WASHINGTON — National Transportation Safety Board Acting Chairman Mark V. Rosenker has told the rail transportation industry to take advantage of newly emerging technologies that can provide the biggest safety improvements in coming years.
Speaking to the International Railroad Safety Conference in Denver, Colo., Rosenker acknowledged the improving safety trends in the railroad industry over recent decades; since 1980, employee fatalities are down 82 percent and grade crossing fatalities down 59 percent. But accidents continue to occur, and the nation is still shocked by the collision in Chatsworth, Calif., last month that killed 25 and injured more than 100.
Although there is a lot of work that needs to be done before the Safety Board determines a probable cause of that tragedy, “I can tell you that the safety issues we examine in this accident are likely to include some of the same safety issues that we have examined in previous accidents;” specifically, train crew mistakes and inadequate operating procedures.
Rosenker told the assembly that new technologies can provide some of the biggest safety improvements. Primarily among these is Positive Train Control (PTC) systems, “which can provide safety redundancy to override mistakes by human operators and prevent train collisions and over-speed derailments,” he said. PTC has been on the Board’s Most Wanted List of Safety Improvements for 18 years. In particular, he said, the NTSB has recommended that priorities be established for the installation of PTC in high-risk corridors, such as those where commuter and intercity passenger trains operate.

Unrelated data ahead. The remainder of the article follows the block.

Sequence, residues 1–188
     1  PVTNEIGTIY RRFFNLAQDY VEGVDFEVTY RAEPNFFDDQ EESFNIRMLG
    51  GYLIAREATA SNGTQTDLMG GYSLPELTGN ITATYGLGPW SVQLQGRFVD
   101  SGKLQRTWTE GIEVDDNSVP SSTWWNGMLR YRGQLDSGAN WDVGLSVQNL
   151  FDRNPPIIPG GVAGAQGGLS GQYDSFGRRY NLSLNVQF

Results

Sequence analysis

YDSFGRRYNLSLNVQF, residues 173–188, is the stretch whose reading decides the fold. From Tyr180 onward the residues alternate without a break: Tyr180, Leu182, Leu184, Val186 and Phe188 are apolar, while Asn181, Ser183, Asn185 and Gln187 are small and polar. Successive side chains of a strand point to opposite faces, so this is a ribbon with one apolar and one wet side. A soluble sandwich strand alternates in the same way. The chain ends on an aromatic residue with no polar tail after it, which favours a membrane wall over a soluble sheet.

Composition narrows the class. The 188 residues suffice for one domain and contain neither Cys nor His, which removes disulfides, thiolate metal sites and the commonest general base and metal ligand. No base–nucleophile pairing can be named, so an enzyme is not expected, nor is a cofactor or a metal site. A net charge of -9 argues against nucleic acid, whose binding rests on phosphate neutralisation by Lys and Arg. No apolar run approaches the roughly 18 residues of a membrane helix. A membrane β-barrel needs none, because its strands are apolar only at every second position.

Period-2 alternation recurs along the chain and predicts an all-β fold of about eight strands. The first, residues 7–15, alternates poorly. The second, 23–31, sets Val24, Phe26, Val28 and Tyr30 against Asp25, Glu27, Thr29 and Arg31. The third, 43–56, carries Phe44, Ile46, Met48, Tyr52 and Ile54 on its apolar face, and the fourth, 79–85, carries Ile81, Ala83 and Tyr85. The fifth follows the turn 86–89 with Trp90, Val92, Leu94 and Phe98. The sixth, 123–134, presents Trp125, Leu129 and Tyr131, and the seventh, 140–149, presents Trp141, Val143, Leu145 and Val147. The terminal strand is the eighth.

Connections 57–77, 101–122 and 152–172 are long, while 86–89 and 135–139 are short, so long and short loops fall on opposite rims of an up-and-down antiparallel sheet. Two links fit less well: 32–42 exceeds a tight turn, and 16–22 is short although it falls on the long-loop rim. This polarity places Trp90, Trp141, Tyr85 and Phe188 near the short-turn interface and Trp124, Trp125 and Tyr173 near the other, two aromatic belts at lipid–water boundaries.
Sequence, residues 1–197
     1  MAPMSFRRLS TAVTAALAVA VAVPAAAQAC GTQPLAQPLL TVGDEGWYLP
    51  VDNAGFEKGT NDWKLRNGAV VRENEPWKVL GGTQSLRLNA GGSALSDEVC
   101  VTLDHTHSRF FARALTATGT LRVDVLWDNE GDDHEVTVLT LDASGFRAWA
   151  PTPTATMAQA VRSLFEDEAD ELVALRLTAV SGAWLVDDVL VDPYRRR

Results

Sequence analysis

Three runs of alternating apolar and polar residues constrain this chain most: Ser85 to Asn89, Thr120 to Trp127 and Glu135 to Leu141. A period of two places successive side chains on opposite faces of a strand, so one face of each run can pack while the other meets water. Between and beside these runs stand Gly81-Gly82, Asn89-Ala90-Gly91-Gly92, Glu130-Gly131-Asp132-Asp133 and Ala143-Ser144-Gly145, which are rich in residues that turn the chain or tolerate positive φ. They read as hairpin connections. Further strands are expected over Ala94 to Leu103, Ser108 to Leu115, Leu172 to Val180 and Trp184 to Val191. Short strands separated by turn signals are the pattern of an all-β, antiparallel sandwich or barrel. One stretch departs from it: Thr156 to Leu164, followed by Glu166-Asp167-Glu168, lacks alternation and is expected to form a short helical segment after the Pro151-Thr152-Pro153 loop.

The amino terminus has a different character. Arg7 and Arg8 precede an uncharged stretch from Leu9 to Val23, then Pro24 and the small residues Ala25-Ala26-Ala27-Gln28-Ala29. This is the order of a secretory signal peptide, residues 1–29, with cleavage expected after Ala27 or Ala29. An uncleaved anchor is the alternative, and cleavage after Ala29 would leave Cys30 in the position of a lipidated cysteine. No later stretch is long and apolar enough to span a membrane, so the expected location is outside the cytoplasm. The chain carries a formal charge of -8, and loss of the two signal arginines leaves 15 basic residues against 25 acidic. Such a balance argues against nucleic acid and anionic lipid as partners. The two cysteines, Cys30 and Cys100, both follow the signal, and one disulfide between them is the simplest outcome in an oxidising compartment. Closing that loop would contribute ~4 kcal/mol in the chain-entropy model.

“It is time for the entire industry to commit to the development and implementation of positive train control systems. You, the industry, must now agree on a format that allows interoperability between systems so that trains can seamlessly move from one railroad to another.”
Rosenker described other technical solutions to safety problems, including electronically controlled pneumatic (ECP) braking, acoustic bearing detectors, wheel impact detectors, and truck performance detectors. He also noted that intelligent transportation systems (ITS) can play an important role in saving lives at grade crossings.
“Why can’t smart vehicles warn drivers when trains are approaching, and direct the drivers to take appropriate action?,” Rosenker said
“Just think how far computer and GPS technology has developed in the past 10 years,” he added. “I urge you to be forward thinking. Work closely with the highway industry to develop useful, intelligent transportation safety systems that can prevent accidents at grade crossings.”